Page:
Gary Sjoquist, QBP’s Advocacy Director, highlighted other nordic center r success stories including Washington’s Methow Valley Sports Trails Association (MVSTA).  MVSTA offers the country’s largest nordic center with over 120 miles of groomed trails.  Using many best practices from Grand Targhee Resort’s model, MVSTA has adopted fat bikes on selected winter trails this year as a user group on par with nordic skiers. The decision has been met with rave reviews and increased user numbers with little push back or conflict. Sjoquist emphasized that nordic skiers are very protective of their grooming, and these nordic centers are reluctant to include fat bikes; respect the privilege.  Promoting the ski centers that have successfully opened up to fat bikes is important because other nordic facilities will likely consider, and hopefully integrate and build-upon, these highly-regarded precedents.

The presence of Anna Laxague, the International Mountain Bicycling Association’s (IMBA) Northwest Regional Director, is an indication that the international bicycle organization is taking fat biking seriously and sees this aspect of cycling as an important piece of mountain bike culture with potential for parallel, year round access challenges.  While up until now IMBA has cautiously taken a wait-and-see stance on fat bikes, Laxague suggested, in her presentation to the group, that IMBA’s strengths and potential contributions to winter bicycle access could include:

·      An established expertise in advocacy with a track record of broad industry and grass root support

·      Uniting diverse trail user groups to pursue common goals

·      Supporting land management agencies to achieve their goals by working through IMBA’s local chapters and clubs

·      Helping communities boost their trail-based recreation economies

  • Refining and broadcasting fat bike etiquette standards

Laxague reminded attendees that IMBA achieves their goals through:

·      Organizing – one unified voice speaks louder than many scattered voices

·      Education – by providing guidelines for recreation etiquette, user interaction and advocacy

·      Sophistication – compiling data that supports your requests, promoting and supporting new ideas with your local land managers, reaching out to other user groups

Casey Green, the cartographer at Adventure Cycling Association, relayed his organization’s experience and history in promoting cycle tourism and the subsequent economic impacts; and how these industry gains can apply to winter fat bike use.  He presented to the audience case studies of significant economic impacts to small communities through cycle tourism.

He suggested:

·      Build and brand facilities to create bicycle friendly destinations

·      Invest in good maps, signage and supporting information

·      Connect with, educate and utilize tourism and economic development agencies

·      Dovetail with existing bike tourism interests and assets

Ray Spencer, Teton Division Winter Sports Administrator, USFS Jackson Ranger District, spoke about fat bike use on the extensive snowmobile trails surrounding Jackson and the Togwotee Lodge as a successful model of winter shared use.  He attributed the district’s pro-active user education to minimize negative interaction on the trails.  Spencer noted that the purchase of non-resident snowmobile passes by fat bikers to ride groomed trails in this area is an existing avenue for bicycle donations toward grooming.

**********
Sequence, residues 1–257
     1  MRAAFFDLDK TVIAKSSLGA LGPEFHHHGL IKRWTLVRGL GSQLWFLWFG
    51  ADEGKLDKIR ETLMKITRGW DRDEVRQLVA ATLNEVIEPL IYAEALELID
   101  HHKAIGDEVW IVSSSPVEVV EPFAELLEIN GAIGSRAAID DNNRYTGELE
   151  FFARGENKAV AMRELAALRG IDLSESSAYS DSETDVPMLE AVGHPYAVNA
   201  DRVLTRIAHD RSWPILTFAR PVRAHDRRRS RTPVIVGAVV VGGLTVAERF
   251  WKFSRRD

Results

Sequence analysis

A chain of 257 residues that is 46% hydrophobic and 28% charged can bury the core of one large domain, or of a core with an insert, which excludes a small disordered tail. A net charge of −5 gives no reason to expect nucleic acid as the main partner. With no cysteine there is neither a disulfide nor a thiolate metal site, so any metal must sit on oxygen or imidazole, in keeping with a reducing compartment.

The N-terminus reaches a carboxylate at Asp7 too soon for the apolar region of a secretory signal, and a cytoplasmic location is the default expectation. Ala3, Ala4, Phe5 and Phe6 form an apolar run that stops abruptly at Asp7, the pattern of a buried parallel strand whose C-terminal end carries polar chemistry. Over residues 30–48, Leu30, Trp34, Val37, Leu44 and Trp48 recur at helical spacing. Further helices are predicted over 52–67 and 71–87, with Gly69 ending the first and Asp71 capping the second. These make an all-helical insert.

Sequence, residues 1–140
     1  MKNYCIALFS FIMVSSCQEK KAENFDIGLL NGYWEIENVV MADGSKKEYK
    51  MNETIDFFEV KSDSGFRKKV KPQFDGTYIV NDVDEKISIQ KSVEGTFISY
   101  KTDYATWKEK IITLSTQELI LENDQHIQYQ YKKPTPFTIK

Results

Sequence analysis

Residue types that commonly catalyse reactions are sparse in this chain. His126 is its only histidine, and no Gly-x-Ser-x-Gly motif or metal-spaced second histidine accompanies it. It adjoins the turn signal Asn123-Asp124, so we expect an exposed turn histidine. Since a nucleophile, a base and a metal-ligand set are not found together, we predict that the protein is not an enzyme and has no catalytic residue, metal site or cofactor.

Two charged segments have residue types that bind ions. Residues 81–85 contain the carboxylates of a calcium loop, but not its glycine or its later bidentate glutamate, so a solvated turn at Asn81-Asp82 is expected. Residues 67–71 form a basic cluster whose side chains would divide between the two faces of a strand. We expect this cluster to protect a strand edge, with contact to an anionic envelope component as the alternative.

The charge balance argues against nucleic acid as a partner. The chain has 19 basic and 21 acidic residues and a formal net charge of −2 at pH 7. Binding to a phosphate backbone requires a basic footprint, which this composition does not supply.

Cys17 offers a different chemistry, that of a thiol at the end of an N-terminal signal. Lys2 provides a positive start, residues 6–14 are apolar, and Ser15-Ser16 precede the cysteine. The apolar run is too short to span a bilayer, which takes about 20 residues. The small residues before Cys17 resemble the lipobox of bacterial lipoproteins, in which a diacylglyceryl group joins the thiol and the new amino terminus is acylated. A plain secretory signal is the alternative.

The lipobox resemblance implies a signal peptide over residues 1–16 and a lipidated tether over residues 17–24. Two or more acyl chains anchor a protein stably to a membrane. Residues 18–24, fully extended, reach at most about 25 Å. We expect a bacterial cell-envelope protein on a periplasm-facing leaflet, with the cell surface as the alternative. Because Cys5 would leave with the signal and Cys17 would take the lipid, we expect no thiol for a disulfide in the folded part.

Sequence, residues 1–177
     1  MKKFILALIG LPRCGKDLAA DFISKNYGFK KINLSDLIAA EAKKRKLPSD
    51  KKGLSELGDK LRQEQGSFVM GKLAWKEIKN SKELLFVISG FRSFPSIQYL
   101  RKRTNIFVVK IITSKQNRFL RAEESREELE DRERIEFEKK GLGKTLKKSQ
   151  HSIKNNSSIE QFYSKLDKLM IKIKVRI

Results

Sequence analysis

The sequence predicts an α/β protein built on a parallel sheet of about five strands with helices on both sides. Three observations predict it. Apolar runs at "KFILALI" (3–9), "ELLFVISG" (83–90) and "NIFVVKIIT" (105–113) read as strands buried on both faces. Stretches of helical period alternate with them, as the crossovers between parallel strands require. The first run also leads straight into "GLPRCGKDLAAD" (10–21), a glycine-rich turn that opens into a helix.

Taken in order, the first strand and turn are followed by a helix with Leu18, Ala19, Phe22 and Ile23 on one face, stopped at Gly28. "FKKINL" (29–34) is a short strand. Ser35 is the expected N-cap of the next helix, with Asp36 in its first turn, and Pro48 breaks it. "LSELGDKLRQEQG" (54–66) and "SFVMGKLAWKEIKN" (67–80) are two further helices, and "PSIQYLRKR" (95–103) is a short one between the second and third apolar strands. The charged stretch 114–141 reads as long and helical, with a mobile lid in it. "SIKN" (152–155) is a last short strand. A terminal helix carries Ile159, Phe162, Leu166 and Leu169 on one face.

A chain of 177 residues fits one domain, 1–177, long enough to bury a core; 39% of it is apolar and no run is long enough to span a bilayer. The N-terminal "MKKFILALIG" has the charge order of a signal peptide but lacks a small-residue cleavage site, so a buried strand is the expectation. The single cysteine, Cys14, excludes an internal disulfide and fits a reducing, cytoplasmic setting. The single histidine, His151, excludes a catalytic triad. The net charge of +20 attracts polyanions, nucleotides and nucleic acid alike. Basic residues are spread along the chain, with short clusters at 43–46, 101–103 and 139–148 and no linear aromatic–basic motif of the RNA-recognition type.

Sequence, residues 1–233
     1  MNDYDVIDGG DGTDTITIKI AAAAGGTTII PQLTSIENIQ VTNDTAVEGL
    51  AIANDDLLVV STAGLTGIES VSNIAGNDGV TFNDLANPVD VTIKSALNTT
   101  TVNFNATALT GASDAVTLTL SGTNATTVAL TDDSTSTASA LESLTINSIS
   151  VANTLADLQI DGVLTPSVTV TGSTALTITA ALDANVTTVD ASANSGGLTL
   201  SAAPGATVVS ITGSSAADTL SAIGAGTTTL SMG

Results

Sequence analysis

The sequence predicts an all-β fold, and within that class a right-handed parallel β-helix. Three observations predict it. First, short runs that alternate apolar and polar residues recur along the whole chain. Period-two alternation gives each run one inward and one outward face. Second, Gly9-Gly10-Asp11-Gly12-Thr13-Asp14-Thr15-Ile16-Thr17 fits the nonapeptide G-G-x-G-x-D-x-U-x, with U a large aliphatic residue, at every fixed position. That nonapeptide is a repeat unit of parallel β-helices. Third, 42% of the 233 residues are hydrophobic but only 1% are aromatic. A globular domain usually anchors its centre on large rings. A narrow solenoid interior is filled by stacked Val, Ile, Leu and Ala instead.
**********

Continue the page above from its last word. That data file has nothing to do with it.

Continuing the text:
State and National Public Lands

Cavin Fitzsimmons and Todd Stiles, from the Hebgen Lake District of the Gallatin National Forest (GNF) out of West Yellowstone, Montana, delivered a sobering message where the most recent (2006) Travel Plan bans wheeled vehicles from the extensive system of groomed snowmobile routes around West Yellowstone. In the middle of the first decade of the 2000’s when the Gallatin National Forest was undergoing the Travel Planning process, fat bikes were not on anyone’s radar.  Consequently, this recreation was banned by language targeting motorized wheeled vehicles, not bicycles. While the district has issued special use permits for fat bike events on these trails, trail usage for this user group is not open on a daily basis, nor can the policy be revised without a potentially time and money consuming public process.

The subsequent land manager round-table discussion generated several important recommendations. It is important to note here that the audience also heard from the local chambers of commerce, personnel from the Idaho State Parks and Recreation, and Tim Young from the highly-esteemed land advocacy organization Wyoming Pathways.  Fat bicyclists were reminded to:

·      Stay engaged with local public land management staff

·      Know the relevant details of travel management plans

·      Join official efforts that address bicycling and land access issues

·      Participate in public lands comment periods

·      Be at the negotiation table when public involvement is invited.

Presenters further noted that public comment periods by law must include notifications that are locally published; attendees were encouraged to bookmark websites and regularly check local newspapers, etc for information.  When it comes to holding events on USFS lands, event organizers were advised to give requests in writing, to enable public land agencies lead-time for permission to grant access; eight weeks may not be enough time to investigate requests, whereas six months lead time, depending on the event, could make a difference between the yea or the nay.  All presenters stressed that if greater fat bike access is desired on public lands, more pro-active (vocal and written) public support at the local district level is necessary; grass-roots efforts are imperative to help push change and influence public education, up the agency’s network and following the chain of command.